Sony // 1976 // 90 Minutes // Not Rated
Reviewed by Judge David Johnson // March 2nd, 2004
It's time to play the music.
It's time to light the lights
It's time to meet the Muppets on the Muppet Show tonight.
In 1976, the face of puppet-driven star-studded variety shows starring pigs and frogs and rats was changed forever. It was at that golden age of television when The Muppet Show stormed onto the scene, providing viewers with a television experience unlike anything ever seen before. A family show in the truest sense of the term, The Muppet Show offered the rugrats beaucoup sensory overload -- I mean, talking animals and slapstick, what else could you want -- and was witty enough to make adults not hate their lives for watching such zaniness. The breeding ground for so much pop culture mainstays, the show launched American icons such as Gonzo, Kermit, Miss Piggy, the Swedish Chef, Animal, and my personal favorite Dr. Teeth (he's just so darn schmoooove...) into the collective consciousness. Well, almost three decades later, the song and dance numbers, the vicious assaults by a pig, the guest stars, the wisecracks from the balcony seats, the whole enchilada returns in restored glory to DVD, with The Best of the Muppet Show.
The Best of the Muppet Show: Volume 5 features, like the other editions, three shows. Here, the guest stars are Steve Martin, Carol Burnett, and Gilda Radner. Prior to each show, Brian Henson, Jim Henson's son and heir to everything Muppet, offers an introduction, punctuated with an anecdote specific to the show. These intros are nice, and really create the sense of nostalgia for the series.
Following is a brief rundown of each individual show:
Guest Steve Martin
Steve Martin, primed for his moment in the guest start slot is victim to a miscommunication. Turns out, the night he was supposed to be on is audition night, where Kermit and his cronies give their attention to wannabe acts. These include some off-the-wall performers (e.g. a band of singing food), including Mr. Steve Martin himself. This episode is unorthodox in the fact that Martin does not participate in routines with the Muppets, per se, as much as deliver his shtick to a small Muppet audience. This one ends with a bang, however.
Guest Carol Burnett
The legendary Carol Burnett gives it a shot on the show, only to find out that the Great Gonzo has scheduled a dance marathon on the same night. In this very Gonzo-centric episode (certainly not a bad thing) Burnett must compete with spontaneous waltzing that spills over into her acts.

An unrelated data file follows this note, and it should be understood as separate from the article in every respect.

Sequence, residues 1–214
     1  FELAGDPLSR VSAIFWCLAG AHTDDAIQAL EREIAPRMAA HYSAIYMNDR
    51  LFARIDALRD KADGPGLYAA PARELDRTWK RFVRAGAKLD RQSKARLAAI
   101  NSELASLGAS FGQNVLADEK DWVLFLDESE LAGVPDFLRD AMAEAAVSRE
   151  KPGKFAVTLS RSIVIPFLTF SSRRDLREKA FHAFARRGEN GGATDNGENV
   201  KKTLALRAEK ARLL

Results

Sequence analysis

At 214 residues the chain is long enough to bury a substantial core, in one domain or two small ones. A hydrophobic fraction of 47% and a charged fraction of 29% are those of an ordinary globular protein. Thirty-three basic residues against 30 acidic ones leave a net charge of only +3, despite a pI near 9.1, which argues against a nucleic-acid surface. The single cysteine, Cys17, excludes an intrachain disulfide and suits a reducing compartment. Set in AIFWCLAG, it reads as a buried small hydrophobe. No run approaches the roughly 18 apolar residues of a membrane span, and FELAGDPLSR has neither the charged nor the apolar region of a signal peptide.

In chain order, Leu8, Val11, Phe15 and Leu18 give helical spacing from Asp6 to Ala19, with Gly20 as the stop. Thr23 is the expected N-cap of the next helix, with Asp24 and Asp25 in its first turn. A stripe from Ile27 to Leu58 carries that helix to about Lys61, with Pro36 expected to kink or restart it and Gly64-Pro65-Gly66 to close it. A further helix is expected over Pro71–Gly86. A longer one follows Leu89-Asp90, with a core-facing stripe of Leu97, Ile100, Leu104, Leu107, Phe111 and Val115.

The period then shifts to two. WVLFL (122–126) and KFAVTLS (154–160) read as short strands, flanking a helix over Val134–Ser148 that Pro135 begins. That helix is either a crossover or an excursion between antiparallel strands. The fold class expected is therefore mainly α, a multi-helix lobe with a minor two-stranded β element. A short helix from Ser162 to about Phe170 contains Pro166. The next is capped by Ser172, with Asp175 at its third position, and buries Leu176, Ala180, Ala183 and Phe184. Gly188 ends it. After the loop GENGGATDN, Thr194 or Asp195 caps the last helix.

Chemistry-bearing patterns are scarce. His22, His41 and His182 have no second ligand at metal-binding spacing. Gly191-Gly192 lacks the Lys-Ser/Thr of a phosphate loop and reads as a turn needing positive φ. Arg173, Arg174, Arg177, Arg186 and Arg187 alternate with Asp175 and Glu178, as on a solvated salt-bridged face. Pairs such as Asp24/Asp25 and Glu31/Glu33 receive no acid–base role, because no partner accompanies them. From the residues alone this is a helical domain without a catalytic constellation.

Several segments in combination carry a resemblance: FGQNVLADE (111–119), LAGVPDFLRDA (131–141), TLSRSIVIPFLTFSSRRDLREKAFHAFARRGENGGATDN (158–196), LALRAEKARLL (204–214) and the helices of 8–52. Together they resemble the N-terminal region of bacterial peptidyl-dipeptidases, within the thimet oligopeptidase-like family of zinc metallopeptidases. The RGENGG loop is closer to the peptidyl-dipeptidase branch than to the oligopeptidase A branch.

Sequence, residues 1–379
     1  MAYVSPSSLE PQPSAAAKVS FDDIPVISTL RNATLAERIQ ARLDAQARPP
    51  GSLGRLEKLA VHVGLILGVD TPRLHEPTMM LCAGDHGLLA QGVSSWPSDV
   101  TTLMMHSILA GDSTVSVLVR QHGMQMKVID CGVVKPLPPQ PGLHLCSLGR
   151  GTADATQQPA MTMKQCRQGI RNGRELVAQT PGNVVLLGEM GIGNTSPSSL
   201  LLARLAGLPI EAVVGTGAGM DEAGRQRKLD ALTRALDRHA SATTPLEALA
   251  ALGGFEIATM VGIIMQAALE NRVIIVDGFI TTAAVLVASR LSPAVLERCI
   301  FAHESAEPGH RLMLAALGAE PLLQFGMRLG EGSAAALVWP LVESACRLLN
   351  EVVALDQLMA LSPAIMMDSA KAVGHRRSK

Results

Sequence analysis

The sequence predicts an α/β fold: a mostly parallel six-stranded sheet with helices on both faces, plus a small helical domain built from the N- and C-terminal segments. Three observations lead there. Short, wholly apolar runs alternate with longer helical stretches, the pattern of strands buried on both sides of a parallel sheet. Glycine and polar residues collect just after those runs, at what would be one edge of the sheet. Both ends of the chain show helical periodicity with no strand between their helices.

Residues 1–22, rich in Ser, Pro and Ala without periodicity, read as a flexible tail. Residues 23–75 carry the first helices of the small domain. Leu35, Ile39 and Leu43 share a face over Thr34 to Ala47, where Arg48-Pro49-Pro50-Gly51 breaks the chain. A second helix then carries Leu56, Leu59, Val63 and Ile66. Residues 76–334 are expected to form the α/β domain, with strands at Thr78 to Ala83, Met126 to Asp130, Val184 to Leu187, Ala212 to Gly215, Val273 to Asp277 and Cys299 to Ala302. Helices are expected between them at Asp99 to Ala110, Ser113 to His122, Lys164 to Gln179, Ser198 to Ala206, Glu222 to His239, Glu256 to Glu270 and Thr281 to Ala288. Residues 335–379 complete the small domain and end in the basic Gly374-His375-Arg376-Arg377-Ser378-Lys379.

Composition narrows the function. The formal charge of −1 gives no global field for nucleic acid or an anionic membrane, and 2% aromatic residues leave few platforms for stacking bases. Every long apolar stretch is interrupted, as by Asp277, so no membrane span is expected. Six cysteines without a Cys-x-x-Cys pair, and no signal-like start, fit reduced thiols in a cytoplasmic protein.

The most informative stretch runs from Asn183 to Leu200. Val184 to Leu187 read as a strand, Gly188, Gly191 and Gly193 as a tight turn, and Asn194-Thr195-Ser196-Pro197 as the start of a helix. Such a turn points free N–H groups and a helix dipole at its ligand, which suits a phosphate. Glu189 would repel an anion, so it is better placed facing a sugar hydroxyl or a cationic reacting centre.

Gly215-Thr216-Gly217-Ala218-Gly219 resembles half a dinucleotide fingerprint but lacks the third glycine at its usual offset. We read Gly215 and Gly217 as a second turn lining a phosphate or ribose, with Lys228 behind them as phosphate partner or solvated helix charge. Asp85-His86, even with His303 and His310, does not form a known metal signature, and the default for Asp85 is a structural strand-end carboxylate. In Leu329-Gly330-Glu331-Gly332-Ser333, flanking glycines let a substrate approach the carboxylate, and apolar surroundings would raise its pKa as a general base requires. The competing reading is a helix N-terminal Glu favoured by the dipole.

The most excellent Gilda Radner, and probably the best female Saturday Night Live performer (in my opinion), finds herself smack in the middle of some truly bizarre Muppet mayhem including a duet with a giant carrot (?!!) and a run-in with a state-of-the-art Muppet-manufactured adhesive.
Holy Moly, what an absolute shot of "well-don't-that-just-take-you-back" this disc is. Everything from the big opening with all the Muppets in their own little window, to Statler and Waldorf's smart-ass remarks, to Gonzo's trademark flubbing of the final note, transported me back to a simpler, funnier time that featured a maniacal, incoherent drummer and barnyard animals flying through the air.
Ah, The Muppet Show, such a staple of many, many childhood memories. Granted the full-length features it spawned were of a mixed bag (with The Great Muppet Caper by far my favorite; that scene at the wrought-iron gate where the Muppets are trying to break in...classic!) But, how could you not watch and adore the antics of those crazy creatures with grown men's arms up their rears cracking puns and delivering rousing show-tune spectacles?! Or maybe I'm just overly sentimental...
Anyway, this volume sports some truly memorable moments. Between Carol Burnett's throttling of a defenseless frog, to Gilda Radner's involuntary attachment to Beaker, this disc is boasting some serious family-theme artillery.
Ironically, the episode I was most looking forward to, actually ended up being the weakest of the three: Steve Martin's. Love the guy, but sans the Muppet-arranged sketches, where, honestly, much of the joy stems from seeing these stars interact with a friggin' 6 foot tall blue eagle, the shows just kind of fell flat...flat, at least, for an episode of the Muppet show.
The transfers are well done, but a major drawback is the lack of chapter selection within the individual shows themselves. Instead, the skip button takes you back to the menu.
These discs aren't exactly rife with features. It would have been great to see some extensive behind-the-scenes footage or grab a commentary track. Instead are small, humorous vignettes from the Muppets. They're cool and all, but I would have liked to see how the magic happened.
The most sensational, inspirational, celebrational, Muppetational
This is what we call the Muppet Show!
Sigh...those were the days...
Go forth, all ye felt-filled creations, and spread joy to those too young to know or too old to remember or too jaded to recall the joy of a freakish little creature with a huge nose mentally abusing chickens! Court adjourned!
Review content copyright © 2004 David Johnson; Site layout and review format copyright © 1998 - 2013 HipClick Designs LLC
Scales of Justice
* Full Frame
* Dolby Digital 1.0 Mono (English)
Running Time: 90 Minutes
Release Year: 1976
MPAA Rating: Not Rated
* Movie mania
* Photo gallery